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It was a very interesting place to visit and it is hard to imagine building a place like this so long ago. It is also hard to comprehend the fighting that must have taken place here over the centuries.

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That’s not big enough – build me a bigger one.

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Ludwig (I don’t remember his full name so we will call him Duke Ludwig) had a hunting lodge built in the country. He liked it so much he had another built across the road.

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The second one across the road.

Eventually he decided to move to the first hunting lodge and rename the town Ludwigsburg and move there permanently. Now that this was going to be his home he needed to make it bigger. The new wing which was added created the square in the middle, when you stand at one end of the “new” (1733) wing you can look through all of the open doors to the other end – 150 metres away.
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Then years later Frederich who became the first king of Germany decided to renovate. We did a tour of this palace – Ludwigsburg Palace – and covered 73 rooms and walked about 1.5 km. Unfortunately you are not allowed to take photos inside the palace. In total there are 470 rooms including 2 churches and a theatre so the buildings are impressive, the gardens are also huge. There are also hidden doorways and corridors everywhere so that the servants (estimated at 1000) could move around without being seen. There was also a lapidary here – for those of you ignorant enough not to know (like us) what a lapidary is, it is a collection of statues which have been replaced with copies to preserve the originals.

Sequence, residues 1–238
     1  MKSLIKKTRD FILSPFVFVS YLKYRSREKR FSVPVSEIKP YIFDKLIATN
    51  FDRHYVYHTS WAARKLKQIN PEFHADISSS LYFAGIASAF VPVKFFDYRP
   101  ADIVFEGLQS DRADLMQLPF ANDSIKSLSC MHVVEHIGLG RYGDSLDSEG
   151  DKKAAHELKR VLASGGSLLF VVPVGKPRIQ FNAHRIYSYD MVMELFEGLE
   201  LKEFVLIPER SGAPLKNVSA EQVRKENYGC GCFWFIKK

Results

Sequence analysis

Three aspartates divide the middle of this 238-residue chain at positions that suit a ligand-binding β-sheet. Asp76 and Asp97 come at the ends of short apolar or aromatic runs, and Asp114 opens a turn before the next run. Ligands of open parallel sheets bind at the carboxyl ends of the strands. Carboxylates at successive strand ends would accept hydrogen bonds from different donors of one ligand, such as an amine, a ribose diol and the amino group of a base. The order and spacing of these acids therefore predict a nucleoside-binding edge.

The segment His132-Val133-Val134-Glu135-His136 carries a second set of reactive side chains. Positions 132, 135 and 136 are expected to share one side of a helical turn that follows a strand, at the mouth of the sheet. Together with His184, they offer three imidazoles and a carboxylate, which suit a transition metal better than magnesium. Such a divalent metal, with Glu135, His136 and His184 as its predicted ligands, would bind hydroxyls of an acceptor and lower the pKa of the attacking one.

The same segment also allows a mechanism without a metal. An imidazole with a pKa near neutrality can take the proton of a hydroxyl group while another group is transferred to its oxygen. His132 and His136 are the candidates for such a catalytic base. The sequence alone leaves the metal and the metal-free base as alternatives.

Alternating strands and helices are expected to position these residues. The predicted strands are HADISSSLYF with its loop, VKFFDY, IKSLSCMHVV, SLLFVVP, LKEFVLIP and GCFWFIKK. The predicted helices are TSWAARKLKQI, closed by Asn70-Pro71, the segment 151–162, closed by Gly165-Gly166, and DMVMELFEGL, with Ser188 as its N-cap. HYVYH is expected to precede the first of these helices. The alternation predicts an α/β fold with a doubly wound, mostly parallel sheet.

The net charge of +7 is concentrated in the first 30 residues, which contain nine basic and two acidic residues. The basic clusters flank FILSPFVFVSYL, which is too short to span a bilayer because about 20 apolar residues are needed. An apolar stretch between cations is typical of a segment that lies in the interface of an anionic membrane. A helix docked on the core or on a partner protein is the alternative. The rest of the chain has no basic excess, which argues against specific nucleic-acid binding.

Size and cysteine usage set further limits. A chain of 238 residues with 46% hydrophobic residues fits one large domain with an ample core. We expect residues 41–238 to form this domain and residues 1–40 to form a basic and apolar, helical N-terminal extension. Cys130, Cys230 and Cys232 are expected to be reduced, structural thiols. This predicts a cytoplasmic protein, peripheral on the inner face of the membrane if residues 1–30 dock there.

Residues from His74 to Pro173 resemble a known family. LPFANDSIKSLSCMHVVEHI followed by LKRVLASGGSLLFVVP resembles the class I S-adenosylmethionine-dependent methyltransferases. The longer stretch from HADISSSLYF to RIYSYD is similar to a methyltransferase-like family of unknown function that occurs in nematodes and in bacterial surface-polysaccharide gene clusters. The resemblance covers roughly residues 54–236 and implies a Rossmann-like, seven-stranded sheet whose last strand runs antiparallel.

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We spent a full day here which the girls especially enjoyed and then dropped into a local park for Legoboy  (and the girls also) to enjoy a German playground.

Schwetzingen

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We stopped for a couple of nights in a town called Schwetzingen. The next day we went for a walk around the town and to the local palace and market place.

It was valentine’s day while we were here so of course, ever the romantic I purchased my lovely wife some Tulips which seemed very European (its still romantic even if you only spend 2 euros isn’t it?).

We also purchased some ski pants for 6 Euros for the kids from Lidl (pretty much the same as Aldi).

We had to sample some more good European treats and figured what could be more German than a Berliner.

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Legoboy seemed to enjoy it.

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Look closely – it may mess with your head.

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Bookworm found a kindred spirit.